The RAF has taken delivery of £1bn worth of new spy planes to help soldiers fighting the Taliban.
The Sentinel will be the eyes in the sky for commanders tracking the enemy in southern Afghanistan.
The plane has been developed from a commercial executive jet and each one costs £200m, including training and support.
The sleek jets are packed with enough sophisticated radar to track individuals and vehicles across the whole of Helmand, the heartland of the insurgency.
The new surveillance capability will be used to counter the growing threat from roadside bombs.
"This will save precious British lives," promised Defence Equipment Minister Quentin Davies.
"Instead of just looking through a gun sight, we're able to look over the horizon."
Operating at a height of 40,000ft, sensors in a canoe-shaped pod under the fuselage can scan an area of 71,000 sq km.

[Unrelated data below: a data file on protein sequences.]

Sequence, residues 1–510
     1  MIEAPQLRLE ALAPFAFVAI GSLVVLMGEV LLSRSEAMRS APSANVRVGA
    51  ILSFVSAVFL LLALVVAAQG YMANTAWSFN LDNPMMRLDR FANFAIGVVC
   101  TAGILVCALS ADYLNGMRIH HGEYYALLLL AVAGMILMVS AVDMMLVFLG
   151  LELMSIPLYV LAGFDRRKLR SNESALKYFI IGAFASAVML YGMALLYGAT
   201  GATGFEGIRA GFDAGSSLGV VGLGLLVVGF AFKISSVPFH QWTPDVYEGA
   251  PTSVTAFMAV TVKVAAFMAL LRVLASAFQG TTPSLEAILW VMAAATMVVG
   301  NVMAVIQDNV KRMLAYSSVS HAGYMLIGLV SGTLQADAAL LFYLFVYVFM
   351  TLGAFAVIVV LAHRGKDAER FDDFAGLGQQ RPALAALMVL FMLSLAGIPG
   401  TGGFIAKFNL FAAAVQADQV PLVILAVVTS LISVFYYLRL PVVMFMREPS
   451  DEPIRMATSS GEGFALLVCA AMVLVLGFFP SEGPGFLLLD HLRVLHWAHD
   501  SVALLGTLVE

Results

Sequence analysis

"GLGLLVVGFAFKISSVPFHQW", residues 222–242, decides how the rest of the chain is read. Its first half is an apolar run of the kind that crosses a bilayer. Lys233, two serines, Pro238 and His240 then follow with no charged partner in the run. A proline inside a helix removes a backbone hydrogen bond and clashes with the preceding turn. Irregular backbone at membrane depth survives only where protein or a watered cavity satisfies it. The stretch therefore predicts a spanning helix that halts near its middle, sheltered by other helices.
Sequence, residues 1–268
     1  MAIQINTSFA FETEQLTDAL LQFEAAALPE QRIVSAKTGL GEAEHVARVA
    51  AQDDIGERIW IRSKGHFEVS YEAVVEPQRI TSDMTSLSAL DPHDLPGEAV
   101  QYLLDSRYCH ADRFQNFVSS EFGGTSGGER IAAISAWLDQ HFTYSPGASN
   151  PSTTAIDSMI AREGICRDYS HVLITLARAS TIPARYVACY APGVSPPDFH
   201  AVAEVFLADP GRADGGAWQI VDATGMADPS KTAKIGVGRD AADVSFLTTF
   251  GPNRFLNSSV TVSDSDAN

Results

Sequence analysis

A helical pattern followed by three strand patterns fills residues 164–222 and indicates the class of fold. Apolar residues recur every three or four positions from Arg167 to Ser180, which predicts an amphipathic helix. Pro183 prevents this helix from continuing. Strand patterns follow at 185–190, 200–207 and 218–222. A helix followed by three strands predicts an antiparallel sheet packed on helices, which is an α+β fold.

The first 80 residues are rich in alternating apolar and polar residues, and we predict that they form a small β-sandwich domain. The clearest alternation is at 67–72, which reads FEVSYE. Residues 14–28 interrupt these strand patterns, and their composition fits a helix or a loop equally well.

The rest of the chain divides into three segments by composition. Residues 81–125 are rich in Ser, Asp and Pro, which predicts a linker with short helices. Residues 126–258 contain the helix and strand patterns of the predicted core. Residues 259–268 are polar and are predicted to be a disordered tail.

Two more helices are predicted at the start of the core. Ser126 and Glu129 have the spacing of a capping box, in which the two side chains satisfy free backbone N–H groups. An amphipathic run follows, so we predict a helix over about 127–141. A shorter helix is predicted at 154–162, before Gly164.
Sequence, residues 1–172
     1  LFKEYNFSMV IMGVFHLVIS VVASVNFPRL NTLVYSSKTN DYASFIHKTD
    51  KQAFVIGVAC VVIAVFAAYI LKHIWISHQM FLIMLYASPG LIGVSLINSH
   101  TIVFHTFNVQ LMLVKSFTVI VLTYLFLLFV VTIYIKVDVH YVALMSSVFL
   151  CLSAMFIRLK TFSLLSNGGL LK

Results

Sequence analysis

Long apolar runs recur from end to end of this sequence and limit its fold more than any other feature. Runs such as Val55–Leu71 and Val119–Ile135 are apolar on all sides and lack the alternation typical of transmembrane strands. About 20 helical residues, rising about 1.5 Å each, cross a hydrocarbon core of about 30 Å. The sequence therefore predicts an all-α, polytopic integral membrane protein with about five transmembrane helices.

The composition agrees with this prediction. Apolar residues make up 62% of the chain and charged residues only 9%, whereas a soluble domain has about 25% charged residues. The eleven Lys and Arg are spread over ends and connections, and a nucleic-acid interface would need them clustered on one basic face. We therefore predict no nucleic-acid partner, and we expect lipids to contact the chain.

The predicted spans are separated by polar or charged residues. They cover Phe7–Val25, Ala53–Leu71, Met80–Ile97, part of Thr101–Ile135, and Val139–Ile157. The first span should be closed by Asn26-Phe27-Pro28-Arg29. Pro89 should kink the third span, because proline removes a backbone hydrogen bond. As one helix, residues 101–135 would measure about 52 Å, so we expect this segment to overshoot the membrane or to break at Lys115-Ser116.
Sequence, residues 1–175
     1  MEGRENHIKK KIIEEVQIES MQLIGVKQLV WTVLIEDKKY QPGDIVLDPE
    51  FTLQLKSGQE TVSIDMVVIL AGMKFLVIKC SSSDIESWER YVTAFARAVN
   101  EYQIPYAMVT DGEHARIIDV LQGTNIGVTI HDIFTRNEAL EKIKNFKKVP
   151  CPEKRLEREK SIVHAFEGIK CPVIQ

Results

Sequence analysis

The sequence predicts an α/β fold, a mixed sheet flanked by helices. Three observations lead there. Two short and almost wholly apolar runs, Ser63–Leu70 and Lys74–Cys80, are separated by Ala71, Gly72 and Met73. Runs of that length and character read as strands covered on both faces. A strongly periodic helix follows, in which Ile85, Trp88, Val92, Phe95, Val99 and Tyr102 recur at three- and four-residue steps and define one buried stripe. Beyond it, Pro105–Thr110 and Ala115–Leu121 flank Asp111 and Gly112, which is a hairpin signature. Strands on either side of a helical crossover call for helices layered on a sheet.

"We may not have enough boots on the ground," said Group Captain Harry Kemsley, CO of No 5 Squadron.
"But this is a real force multiplier allowing us to direct our strength right to where the enemy is."
The crew of five will spend much of their time monitoring "pattern of life"; studying behaviour on the ground below and spotting any anomalies which might point to hostile activity.
The Sentinel arrives three years late, after manufacturing hold-ups, including accidental damage to radar equipment.
Because it was ordered on a fixed price contract, however, the suppliers, Raytheon, and not the taxpayer will have to meet the cost of the delay.
It joins the Nimrod - based on the world's first jetliner - and the Reaper unmanned air vehicle as part of the UK's airborne surveillance fleet.